Tag Archives: Benefits of multicultural education in schools
A voice for inclusion: why multicultural education?
by Germaine Ingram
In 1994, Germaine Ingram, then president of the Fellowship Commission and a trial attorney, testified before Philadelphia’s school board on behalf of the proposed multicultural education plan now known as Policy 102. The policy was adopted that year. Her testimony was reprinted in the first issue of the Notebook (Spring 1994).
In the mid-1950s, I was a 4th grader at the Stevens School at 13th and Spring Garden. My teacher had assigned us to select, read, and report on a book about the life of someone we considered a hero. In response to this assignment, I combed the shelves of the children’s department of the public library and selected a biography of President Gamal Nasser of Egypt.
A few days later, my teacher asked what book I would report on and I showed her my Nasser biography. With a look full of disapproval bordering on disgust, she said, “You think he’s a hero?” Before I could even begin to answer, she turned and walked away, leaving me hurt and deeply puzzled.
I was too young, too naïve, too ignorant to appreciate how a person of her family origin and faith might take insult at the mere suggestion that the president of Egypt might possess heroic qualities.
But I dare say that she was too consumed with her own history and belief system to consider how a black child might exalt at finding someone her own color lionized in print as a great thinker and leader. More importantly, her myopic attachment to her own world view prevented her from recognizing a valuable opportunity to challenge me to look beyond the attraction of racial identity and to assess critically the values and deeds of this man that I would call a hero.
The power and promise of a multicultural, multiracial, gender curriculum is that it will help our children choose their heroes carefully…help them recognize that heroes as well as scoundrels come in many nationalities and creeds. That genius comes in more than one color or gender…that righteousness resides in more than one faith…that family values are consistent with more than one family configuration or sexual orientation…that disability is not synonymous with “no ability.”
A multicultural curriculum at its best can be a therapy in the war against the disease that makes us run blindly behind flags marked “race,” “gender,” “religion,” and “nationality” – the disease that makes us prey to dictators and demagogues who manipulate our differences into excuses for exclusion, repression, and violence.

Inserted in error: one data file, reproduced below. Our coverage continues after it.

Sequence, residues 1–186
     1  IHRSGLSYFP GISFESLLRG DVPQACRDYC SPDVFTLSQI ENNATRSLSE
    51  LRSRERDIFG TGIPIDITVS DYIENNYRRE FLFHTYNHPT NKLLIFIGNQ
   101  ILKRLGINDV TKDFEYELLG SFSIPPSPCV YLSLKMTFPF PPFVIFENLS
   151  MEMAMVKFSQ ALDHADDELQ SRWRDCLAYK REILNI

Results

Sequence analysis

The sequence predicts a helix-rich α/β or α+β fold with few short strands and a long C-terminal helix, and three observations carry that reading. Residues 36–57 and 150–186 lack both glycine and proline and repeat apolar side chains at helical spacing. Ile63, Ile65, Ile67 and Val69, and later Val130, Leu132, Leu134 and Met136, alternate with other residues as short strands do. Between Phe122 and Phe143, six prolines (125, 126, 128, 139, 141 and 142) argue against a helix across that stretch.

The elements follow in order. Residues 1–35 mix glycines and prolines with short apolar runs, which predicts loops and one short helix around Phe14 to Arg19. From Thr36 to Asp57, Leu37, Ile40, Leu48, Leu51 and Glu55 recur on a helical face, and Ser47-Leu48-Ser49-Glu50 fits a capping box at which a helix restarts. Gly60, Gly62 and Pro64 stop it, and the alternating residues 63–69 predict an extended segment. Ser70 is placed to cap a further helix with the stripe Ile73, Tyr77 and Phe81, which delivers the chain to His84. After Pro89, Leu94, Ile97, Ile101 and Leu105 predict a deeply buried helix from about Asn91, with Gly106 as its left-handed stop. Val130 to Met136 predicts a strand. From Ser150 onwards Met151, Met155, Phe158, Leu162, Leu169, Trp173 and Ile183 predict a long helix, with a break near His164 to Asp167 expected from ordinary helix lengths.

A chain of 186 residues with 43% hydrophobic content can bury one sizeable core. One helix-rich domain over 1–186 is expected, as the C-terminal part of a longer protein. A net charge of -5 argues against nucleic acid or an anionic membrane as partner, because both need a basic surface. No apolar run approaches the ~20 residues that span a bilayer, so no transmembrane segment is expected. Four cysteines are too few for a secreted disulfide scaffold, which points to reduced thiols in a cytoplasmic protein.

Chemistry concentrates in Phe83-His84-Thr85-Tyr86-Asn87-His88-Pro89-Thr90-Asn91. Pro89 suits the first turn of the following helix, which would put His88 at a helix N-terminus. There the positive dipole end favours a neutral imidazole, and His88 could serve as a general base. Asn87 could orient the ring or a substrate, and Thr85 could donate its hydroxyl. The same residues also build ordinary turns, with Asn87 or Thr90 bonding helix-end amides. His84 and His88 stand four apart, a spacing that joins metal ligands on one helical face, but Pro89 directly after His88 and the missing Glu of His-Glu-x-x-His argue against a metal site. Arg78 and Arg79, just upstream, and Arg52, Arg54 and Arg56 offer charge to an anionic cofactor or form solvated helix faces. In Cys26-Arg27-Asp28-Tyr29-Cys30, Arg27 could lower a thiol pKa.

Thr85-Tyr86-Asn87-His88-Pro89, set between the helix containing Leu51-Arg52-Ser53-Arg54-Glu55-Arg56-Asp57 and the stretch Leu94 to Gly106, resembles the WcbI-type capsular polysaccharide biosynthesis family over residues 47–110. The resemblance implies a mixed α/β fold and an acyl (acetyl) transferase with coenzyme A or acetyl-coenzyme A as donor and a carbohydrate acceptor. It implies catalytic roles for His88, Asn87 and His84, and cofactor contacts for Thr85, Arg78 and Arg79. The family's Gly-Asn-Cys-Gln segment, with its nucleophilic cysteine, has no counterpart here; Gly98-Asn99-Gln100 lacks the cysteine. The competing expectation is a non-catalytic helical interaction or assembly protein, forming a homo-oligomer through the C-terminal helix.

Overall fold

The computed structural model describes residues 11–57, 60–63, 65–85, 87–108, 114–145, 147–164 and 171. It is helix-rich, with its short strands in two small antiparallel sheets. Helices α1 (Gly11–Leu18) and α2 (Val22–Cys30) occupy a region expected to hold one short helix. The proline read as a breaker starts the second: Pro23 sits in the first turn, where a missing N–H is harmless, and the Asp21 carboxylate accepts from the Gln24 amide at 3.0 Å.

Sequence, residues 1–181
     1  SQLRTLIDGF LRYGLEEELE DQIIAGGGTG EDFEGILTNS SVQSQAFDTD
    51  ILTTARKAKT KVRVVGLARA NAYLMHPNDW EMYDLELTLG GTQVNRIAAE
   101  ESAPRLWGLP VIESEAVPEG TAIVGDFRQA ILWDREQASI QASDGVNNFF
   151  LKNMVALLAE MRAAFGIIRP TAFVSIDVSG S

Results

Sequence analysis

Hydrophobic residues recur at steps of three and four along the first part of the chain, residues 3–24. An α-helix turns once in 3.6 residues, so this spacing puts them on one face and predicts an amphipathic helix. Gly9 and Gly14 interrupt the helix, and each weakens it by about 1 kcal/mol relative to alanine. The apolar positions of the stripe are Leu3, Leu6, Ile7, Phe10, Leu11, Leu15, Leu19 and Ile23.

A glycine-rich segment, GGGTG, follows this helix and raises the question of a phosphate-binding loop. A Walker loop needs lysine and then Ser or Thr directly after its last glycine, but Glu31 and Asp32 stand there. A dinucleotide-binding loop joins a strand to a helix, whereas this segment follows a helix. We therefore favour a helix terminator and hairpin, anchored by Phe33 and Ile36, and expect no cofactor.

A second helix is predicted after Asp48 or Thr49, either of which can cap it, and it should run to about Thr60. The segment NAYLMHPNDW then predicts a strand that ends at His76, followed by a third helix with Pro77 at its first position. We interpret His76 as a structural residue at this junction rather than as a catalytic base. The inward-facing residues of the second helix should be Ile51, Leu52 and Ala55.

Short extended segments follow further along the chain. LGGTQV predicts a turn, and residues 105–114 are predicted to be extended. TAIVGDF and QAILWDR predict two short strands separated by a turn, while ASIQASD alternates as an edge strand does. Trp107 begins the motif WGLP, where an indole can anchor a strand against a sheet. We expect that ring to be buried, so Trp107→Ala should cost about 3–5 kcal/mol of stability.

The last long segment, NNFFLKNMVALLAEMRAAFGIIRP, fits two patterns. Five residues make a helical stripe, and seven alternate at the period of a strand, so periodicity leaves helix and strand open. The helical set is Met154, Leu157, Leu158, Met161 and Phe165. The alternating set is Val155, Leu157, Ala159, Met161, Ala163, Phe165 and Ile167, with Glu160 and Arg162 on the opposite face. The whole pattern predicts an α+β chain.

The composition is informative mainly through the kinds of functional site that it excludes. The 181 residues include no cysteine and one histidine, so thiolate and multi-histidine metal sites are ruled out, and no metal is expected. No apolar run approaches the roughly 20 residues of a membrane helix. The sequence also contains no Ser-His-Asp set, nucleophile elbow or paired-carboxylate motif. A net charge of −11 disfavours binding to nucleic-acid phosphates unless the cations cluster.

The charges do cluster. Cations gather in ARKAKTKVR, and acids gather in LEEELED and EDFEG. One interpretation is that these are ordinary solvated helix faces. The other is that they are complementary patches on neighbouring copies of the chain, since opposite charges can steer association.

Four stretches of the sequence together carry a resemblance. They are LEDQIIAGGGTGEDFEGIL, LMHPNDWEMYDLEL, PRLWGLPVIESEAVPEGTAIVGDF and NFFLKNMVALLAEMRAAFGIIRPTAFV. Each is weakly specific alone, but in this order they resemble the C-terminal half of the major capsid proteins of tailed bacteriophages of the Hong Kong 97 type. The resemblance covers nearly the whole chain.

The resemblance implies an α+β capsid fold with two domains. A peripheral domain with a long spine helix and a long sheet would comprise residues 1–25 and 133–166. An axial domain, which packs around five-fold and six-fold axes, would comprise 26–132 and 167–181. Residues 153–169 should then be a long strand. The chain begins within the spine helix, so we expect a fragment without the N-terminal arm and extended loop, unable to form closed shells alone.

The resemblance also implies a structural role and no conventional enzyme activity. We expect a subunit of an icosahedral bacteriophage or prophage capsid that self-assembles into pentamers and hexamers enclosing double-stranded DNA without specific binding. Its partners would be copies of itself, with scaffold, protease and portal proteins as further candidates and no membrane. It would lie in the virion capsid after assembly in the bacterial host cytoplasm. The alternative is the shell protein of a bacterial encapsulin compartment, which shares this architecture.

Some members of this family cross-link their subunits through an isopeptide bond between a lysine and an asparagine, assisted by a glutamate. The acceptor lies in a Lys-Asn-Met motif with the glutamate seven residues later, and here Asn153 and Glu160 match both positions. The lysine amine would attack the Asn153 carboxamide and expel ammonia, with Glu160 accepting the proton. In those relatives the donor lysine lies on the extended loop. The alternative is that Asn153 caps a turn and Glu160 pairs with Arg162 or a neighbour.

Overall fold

To my mind, the real challenge is not in deciding whether to adopt a multicultural curriculum policy, but rather, how such a policy, now adopted, can be implemented in a way which does not succumb to superficialities and stereotypes, which earnestly plumbs the histories and experiences that reflect our differences, and which illuminates the traditions and values that unite us.
I suggest we move quickly past this threshold issue of whether to have a policy and get on with addressing the real challenge.
Becoming a Multicultural Educator: Developing Awareness, Gaining Skills, and Taking Action (Howe & Lisi)
So excited, finally, after years of work on it, our textbook on multicultural education is due to be published by SAGE in January of 2013 – Becoming a Multicultural Educator: Developing Awareness, Gaining Skills, and Taking Action (Howe & Lisi).
D.C. high school teacher Julian Hipkins III used The People vs. Columbus, et al. lesson with his 11th grade U.S. history class at Capital City Public Charter School and introduced them to Howard Zinn’s A People’s History of the United States. Four of his students (Jared, Ana Marie, Jonah, and Mayra) were inspired to make a film called Columbus—The Real Story. Using feature film clips and interviews with school staff, the film critiques and analyzes textbook accounts of Columbus. Columbus—The Real Story was selected as a D.C. citywide entry for the 2011 National History Day competition.